Invasive species pose ecological threats in many areas, but attempts to control invaders by introducing other exotic species may cause further unanticipated problems. If we can use predators native to the introduced range to assist in control of the invader, the risks of collateral damage are lower. In tropical Australia, high desiccation rates restrict newly-transformed (metamorph) cane toads Bufo marinus to the margins of waterbodies, rendering the metamorphs vulnerable to predatory ants (Iridomyrmex reburrus). By adding bait (catfood) to selected areas, we increased ant densities (and thus, toad mortality) more than fourfold. Over 50% of attacks by ants in the field were immediately fatal to the metamorph toads, and most 'escapee' toads (88%) died of their injuries within 24 h after the attack. When we increased ant densities by artificial baiting, 98% of metamorph toads were encountered, and 84% attacked, within the two-minute observation period. Collateral damage to native fauna appears to be low, but warrants closer examination. Synthesis and applications. Manipulating the foraging locations of native predatory ants can substantially increase their off-take of invasive toads. More generally, vulnerabilities of invasive species to predators native to the introduced range may facilitate control of invader numbers with little collateral damage to the rest of the fauna.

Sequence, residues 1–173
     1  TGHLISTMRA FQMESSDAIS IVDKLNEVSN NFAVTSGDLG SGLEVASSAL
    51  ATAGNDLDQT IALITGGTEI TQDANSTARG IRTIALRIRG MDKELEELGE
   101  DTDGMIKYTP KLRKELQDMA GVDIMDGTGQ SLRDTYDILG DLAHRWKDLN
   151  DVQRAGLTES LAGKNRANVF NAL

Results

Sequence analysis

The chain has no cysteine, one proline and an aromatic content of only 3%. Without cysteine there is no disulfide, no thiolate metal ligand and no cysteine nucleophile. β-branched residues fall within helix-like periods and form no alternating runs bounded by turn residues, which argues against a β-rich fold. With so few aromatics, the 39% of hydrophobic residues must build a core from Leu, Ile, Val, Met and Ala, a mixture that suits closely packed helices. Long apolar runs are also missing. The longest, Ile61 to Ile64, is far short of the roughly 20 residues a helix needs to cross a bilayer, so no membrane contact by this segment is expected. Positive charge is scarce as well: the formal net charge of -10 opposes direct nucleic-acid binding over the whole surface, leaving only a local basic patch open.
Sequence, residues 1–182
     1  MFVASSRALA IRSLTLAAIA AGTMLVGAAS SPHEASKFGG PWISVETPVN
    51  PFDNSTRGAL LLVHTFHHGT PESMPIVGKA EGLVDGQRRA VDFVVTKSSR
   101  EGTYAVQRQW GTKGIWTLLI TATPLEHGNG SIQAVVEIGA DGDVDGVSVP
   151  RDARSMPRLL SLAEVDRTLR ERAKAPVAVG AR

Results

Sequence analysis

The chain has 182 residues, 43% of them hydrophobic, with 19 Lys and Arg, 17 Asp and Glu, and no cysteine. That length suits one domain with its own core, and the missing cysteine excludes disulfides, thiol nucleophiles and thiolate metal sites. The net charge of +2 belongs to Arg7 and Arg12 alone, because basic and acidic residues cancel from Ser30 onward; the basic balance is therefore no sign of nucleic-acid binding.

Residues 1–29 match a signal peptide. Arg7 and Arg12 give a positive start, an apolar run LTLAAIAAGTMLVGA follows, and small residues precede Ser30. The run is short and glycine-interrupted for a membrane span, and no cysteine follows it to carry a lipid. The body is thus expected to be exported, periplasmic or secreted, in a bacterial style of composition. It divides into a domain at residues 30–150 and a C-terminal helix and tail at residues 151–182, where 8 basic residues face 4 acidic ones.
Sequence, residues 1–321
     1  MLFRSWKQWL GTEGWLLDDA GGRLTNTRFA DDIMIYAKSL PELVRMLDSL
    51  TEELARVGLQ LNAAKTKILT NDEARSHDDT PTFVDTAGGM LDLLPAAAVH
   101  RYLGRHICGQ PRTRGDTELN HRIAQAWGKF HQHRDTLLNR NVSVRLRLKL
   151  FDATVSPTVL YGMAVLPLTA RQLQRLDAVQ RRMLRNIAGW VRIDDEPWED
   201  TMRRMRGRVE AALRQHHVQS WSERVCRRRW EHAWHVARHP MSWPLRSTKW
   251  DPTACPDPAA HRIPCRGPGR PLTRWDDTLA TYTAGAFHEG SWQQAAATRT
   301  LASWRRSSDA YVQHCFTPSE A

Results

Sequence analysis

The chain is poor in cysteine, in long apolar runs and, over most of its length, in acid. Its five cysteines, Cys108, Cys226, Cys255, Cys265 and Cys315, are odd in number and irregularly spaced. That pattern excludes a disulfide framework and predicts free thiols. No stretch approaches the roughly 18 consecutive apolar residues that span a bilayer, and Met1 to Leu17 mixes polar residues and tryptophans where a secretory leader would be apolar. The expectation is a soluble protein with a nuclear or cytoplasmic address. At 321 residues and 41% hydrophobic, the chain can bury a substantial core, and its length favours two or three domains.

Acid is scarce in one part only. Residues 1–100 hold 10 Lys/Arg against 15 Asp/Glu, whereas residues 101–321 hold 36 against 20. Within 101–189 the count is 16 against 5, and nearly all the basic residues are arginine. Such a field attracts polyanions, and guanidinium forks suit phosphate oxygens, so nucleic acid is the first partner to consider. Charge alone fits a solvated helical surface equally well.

- biological control
- Rhinella marina